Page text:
Lecture 2 additional notes part 2

Peter Henry Emerson

Emerson was all for the truthfulness of photography. He felt photography an art of science, not an art on its own. He believed the photograph should document how the eye see, using selective focus on the main subject, allowing the rest to go into slight blur. He talked of photographs being their own, not some representation of previous art work, as he puts it “call yourself a photographer and wait for artists to call you brother”.

He was deeply against the retouching process, no matter what the subject. In portraiture he talks of how the retoucher puts on the uniform, with the vignetter and burnisher completing the disguise. He sates “Do not mistake sharpness for truth, and burnish for finish.” The camera for Emerson was a way of showing the world as it was, as the Human sees it, to use for “historical records”. The bad press and critics never bothered him, photography was raw and truthful like science, art to Emerson was a cover up, starting out with the truth but covering it up to seek beauty.

 

 

 

Henry Peach Robinson

Robinson took a different view on the photograph than Emerson. Robinson was a Pictorialist, he saw the photograph as means of art, for idealising the world, or creating scenarios that looked real but had in reality were staged. He talks of how it is the fashion to show nature as it is, show her “bare” and “bald”, believing though that it is man that has made nature that way, not nature itself.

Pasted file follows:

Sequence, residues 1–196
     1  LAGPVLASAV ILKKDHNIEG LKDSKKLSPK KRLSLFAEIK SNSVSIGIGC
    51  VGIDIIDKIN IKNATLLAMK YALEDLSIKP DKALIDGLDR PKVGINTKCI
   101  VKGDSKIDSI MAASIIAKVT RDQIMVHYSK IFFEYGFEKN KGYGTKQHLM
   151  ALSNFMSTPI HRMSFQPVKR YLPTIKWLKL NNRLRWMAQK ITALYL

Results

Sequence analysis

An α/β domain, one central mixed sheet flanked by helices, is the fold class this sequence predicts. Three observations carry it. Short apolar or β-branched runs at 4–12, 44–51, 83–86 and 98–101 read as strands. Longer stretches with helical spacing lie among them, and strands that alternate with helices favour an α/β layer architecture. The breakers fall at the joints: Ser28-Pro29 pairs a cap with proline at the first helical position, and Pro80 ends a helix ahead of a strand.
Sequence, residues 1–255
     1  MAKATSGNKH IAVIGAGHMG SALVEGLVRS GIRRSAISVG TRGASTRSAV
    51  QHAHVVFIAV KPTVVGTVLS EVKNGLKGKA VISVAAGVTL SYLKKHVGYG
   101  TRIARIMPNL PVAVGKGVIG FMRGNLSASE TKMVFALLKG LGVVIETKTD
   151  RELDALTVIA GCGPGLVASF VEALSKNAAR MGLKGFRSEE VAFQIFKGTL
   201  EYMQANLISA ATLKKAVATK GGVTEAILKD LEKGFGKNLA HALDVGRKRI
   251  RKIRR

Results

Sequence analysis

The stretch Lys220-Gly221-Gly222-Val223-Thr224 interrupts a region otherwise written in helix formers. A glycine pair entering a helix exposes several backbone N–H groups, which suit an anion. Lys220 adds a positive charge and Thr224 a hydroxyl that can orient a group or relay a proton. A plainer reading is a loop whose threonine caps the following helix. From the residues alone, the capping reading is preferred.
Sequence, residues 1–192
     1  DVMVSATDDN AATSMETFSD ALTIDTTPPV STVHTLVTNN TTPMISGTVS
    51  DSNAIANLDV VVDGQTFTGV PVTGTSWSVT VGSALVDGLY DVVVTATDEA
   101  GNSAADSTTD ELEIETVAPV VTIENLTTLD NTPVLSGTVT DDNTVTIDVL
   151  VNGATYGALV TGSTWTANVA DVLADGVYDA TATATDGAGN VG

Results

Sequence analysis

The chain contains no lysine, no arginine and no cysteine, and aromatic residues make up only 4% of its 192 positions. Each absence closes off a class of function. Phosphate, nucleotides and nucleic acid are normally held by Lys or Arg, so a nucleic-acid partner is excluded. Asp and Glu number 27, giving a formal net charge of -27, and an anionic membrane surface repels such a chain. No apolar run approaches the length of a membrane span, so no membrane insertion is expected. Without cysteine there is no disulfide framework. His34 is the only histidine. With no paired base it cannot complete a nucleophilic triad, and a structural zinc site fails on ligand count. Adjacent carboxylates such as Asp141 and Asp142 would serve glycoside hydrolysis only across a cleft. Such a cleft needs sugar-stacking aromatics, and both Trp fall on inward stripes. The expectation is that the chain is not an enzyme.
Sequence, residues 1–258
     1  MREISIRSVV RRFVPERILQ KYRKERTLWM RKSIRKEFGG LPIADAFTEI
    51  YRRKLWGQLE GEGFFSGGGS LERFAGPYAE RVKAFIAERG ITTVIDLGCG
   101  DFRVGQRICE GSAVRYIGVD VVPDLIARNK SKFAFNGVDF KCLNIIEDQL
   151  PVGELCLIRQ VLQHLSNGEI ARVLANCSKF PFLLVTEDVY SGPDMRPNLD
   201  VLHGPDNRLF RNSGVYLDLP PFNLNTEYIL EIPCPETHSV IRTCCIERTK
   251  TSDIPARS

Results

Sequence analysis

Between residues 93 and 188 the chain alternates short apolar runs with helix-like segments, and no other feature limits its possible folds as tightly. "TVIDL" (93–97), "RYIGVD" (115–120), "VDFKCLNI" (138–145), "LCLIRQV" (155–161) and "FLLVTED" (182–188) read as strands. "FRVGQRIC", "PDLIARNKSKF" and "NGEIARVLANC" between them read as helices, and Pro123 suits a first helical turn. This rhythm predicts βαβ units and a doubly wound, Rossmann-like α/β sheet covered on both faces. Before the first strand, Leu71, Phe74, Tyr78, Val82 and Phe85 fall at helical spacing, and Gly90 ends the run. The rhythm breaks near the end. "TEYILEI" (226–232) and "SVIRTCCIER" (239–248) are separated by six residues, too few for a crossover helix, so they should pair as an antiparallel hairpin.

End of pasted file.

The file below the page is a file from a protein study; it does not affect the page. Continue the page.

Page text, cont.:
He talks of how a colour photograph (not possible at the time) would show realism in the perfect way. He understands the usefulness of this, but it is merely a representation of what something is, something, that in itself would never be art. To Robinson at the time of the invention of photography, this was great, but he believed now with more modern advances it could offer so much more. Realism photographs said nothing to him, it left out the “mystery” which for Robinson was all part of the charm. Realism bored him, straight, and simple, but Pictorialism intrigued him, it was no longer science, there was no formula to it, it relied on the photographer and the vision they had in order to create something. They could create the mystery, making it artful in nature, retouching enabled this, he didn’t believe it was a bad thing, but bad retouching was, much like today with post processing. He believed retouching should enhance not change the photograph, and it was the goal of the new movement to represent this.

 

 

 

 

 

 

 

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